Horizons West: Directing the Western from John Ford to Clint Eastwood

Jim Kitses,
Horizons West: Directing the Western from John Ford to Clint Eastwood.
London: BFI Publishing, 2004.
ISBN: 1 84457 050 9
US $24.95 (pb)
(Review copy supplied by BFI publishing)

Back in the 1960s, before Hollywood movies were considered legitimate critical fare in English-speaking countries, two superb books helped change things. One was Robin Wood’s Hitchcock’s Films (1965), the first English-language book to make a cogent, sustained argument that Hitchcock had mastered more than suspense. The other was Jim Kitses’ Horizons West, an appreciative interpretation of the western films of three directors, Budd Boetticher, Anthony Mann, and Sam Peckinpah. Wood’s book had the greater influence and was reissued in an expanded edition, Hitchcock’s Films Revisited, in 1989. Perhaps the modest scope of Kitses’ book – it was about a genre but covered only three directors – contributed its comparative neglect.

This new edition has been expanded to more than twice the original size. Kitses has added a small amount of material on the three directors featured in the original edition, and he has written entirely new chapters on John Ford, Sergio Leone, and Clint Eastwood. They are all preceded by a new chapter called “Directing the western: theory and practice.”

The value of Kitses’ original study paralleled that of Wood’s book: its illumination of cinematic and humanistic value in films that hadn’t been rated as more than entertainment. But Kitses had the harder task. Few denied Hitchcock’s status as a brilliant teller of movie stories. Boetticher, Mann, and Peckinpah were not accorded the same respect. With evident affection, Kitses elucidated the artistic integrity and psychological depth of the seemingly spare films that Boetticher made with Randolph Scott, especially the lapidary Ride Lonesome (USA, 1959). Kitses elucidated the family backstory that is found in most of Mann’s westerns, the most aesthetically complete of which is Naked Spur (USA, 1953), where Mann’s use of both unstable settings (falling rocks, raging rivers, collapsing caves) and quick, nervous camera movements correspond to the hero’s neurotic turmoil. With The Wild Bunch (USA, 1969), Peckinpah had achieved more of a following than Boetticher or Mann, but Kitses showed that there was a lot more to his westerns – especially the masterful Ride the High Country (USA, 1962) – than ornery characters and stylized violence.

These three chapters, essentially the same as in the original, retain their freshness and are the most solid sections of the new edition. Kitses’ long chapter on Ford is comprehensive, but Ford is well-worked territory. Kitses is most interesting on Ford when he attempts to defend him against modern critics. He is enlightening on Leone’s inspirations for his Westerns but does not fully succeed in explaining the mythic force of such films as Once Upon a Time in the West (Italy/USA, 1968). Kitses seems to have it in for Eastwood. He doesn’t take on Eastwood directly but deals snide, glancing blows. In the space of a single page, he refers to Eastwood’s “ambition for prestige and status,” then criticizes him for a reluctance to share the spotlight with other stars, and then attributes his casting of Gene Hackman and Morgan Freeman in Unforgiven (USA, 1992) to “an unprecedented ambition” (306).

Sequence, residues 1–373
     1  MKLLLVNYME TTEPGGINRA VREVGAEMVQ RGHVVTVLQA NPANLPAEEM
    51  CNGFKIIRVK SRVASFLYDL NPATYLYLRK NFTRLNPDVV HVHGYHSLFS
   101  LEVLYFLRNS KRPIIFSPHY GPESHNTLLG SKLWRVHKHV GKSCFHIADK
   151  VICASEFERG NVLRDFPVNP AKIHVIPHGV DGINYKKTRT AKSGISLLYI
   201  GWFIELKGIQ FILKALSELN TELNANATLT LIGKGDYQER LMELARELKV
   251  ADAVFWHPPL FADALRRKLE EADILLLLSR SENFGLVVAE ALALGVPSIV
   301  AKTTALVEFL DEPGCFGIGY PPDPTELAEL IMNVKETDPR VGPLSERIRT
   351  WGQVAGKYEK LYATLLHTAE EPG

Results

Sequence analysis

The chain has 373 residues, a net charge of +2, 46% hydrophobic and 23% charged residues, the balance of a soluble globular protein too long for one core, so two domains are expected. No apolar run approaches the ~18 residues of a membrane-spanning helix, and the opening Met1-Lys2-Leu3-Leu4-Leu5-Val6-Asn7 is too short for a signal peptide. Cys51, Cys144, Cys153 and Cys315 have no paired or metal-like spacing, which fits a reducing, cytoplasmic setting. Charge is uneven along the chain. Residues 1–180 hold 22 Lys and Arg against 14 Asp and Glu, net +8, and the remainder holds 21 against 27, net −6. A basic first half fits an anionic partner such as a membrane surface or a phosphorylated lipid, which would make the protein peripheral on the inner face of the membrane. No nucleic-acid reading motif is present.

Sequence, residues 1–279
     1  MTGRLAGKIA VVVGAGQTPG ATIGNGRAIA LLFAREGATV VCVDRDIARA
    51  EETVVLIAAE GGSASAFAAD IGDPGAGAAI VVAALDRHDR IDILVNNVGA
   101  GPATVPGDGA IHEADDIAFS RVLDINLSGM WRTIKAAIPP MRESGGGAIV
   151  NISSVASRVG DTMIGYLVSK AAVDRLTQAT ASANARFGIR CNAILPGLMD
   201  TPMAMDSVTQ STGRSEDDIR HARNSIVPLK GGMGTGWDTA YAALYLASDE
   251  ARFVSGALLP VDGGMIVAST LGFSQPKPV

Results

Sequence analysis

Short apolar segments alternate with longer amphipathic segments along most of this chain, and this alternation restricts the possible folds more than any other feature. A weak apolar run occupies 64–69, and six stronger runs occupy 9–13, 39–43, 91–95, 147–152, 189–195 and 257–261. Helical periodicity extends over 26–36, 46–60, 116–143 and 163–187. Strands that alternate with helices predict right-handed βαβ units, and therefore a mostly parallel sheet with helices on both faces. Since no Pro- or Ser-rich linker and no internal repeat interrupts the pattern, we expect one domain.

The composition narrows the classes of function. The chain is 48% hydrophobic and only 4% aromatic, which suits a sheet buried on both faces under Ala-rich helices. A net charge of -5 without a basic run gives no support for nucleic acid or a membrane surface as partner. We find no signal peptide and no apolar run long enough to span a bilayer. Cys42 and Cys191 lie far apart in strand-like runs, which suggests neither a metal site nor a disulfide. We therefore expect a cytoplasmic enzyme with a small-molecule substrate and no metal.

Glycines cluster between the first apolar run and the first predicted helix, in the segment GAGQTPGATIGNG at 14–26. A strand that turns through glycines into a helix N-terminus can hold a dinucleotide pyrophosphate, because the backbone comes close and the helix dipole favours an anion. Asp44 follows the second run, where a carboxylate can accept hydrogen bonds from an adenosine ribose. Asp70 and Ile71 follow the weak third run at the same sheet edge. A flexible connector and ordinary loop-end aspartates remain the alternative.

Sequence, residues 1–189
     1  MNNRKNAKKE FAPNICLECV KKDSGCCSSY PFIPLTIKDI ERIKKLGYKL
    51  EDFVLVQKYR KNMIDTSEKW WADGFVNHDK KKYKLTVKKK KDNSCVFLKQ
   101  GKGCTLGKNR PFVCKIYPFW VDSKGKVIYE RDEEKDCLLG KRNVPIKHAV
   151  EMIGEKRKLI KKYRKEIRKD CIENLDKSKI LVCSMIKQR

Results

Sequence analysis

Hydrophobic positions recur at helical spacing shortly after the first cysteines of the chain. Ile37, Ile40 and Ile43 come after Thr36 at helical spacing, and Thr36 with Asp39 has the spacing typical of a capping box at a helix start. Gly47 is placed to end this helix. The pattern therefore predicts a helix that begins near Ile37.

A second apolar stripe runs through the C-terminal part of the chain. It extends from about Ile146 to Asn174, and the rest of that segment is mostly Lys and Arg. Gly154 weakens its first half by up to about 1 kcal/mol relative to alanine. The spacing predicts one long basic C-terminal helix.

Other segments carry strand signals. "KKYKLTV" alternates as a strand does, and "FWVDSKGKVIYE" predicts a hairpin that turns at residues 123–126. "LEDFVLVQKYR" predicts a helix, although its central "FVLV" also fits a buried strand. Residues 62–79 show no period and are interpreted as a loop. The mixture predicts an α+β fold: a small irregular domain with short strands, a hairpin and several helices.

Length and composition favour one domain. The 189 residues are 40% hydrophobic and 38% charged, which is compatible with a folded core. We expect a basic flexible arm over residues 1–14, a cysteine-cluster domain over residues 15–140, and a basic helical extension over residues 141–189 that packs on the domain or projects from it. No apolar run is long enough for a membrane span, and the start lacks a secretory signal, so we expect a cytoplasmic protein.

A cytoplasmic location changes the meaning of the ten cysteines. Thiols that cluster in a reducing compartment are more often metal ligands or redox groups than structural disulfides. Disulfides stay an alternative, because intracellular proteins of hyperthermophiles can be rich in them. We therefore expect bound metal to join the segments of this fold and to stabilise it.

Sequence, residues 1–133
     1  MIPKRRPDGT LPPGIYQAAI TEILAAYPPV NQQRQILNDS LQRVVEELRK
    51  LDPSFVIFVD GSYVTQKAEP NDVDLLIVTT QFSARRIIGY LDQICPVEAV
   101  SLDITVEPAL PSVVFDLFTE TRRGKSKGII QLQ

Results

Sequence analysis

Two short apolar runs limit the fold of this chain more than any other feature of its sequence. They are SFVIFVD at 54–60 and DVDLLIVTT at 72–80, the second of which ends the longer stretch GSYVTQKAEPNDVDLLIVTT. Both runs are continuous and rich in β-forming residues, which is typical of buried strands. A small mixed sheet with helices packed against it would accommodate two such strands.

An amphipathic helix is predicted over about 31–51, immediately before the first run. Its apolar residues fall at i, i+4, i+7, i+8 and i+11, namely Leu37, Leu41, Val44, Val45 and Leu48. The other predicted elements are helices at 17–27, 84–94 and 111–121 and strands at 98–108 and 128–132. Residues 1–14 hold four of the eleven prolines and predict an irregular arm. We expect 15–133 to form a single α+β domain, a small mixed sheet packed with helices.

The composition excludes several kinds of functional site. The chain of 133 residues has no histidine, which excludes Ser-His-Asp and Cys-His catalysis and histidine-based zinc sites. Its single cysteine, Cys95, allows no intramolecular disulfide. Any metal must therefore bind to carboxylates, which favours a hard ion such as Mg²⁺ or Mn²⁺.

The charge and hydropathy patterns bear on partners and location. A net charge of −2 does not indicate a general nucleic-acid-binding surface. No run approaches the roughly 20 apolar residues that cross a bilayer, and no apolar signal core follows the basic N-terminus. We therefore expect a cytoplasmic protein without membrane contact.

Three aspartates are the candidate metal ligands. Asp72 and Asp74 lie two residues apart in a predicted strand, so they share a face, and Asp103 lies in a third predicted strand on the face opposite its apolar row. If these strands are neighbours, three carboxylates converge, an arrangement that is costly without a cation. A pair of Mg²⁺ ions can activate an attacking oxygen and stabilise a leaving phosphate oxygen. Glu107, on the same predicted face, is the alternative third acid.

Two weaknesses detract from the new edition. The more glaring one is an annoying, sometimes pathetic deference to the requirements of political correctness that emerged since the publication of the original edition. Not that Kitses doesn’t stick up for his filmmakers (except Eastwood) in the face of attacks from the academy. But even where he defends them, he largely adopts the mindset of their detractors. He defends She Wore a Yellow Ribbon (USA, 1949) against current trends in criticism but accepts that Ford is racist and sexist. He even asks if the order of names given to the baby boy in 3 Godfathers (USA, 1948) is racist. In The Man who Shot Liberty Valance (USA, 1962) Kitses detects a homoerotic subtext in the open crotch of leather pants and suggests that the ideal union in the film would have been between Tom Doniphon and Rance Stoddard rather than Rance and Hallie. His eagerness to be au courant leads him to interpretations that just don’t make sense. Marty, of The Searchers (USA, 1956), becomes for Kitses a feminized male because he is a peacemaker. That he is as brave as one can be, as faithful in duty as Ethan, and in love with Laurie apparently counts for nothing. A simple application of Occam’s razor to the issue surely would see Marty as not only the film’s moral center but also its “real man,” and Ethan as the aberrant, unbalanced, extreme Marty as the one likely to enjoy conjugal bliss, Ethan the one who never did and never will. And, like all the re-educated, Kitses (in the new material) dutifully employs words such as “interrogate,” “ideological,” and “valorizes,” which jar against his otherwise down-to-earth style. He interprets the gun in Unforgiven as standing for the penis and the phallus – plausible, perhaps, but tired. In a quotation from a half-century-old Robert Warshow essay, he feels compelled to insert a [sic] after Warshow’s then-conventional use of “he” to refer to either sex. And in what seems to make no sense except as a nod to the bien pensant, he meanders off into a jab at the application of the death penalty in Texas.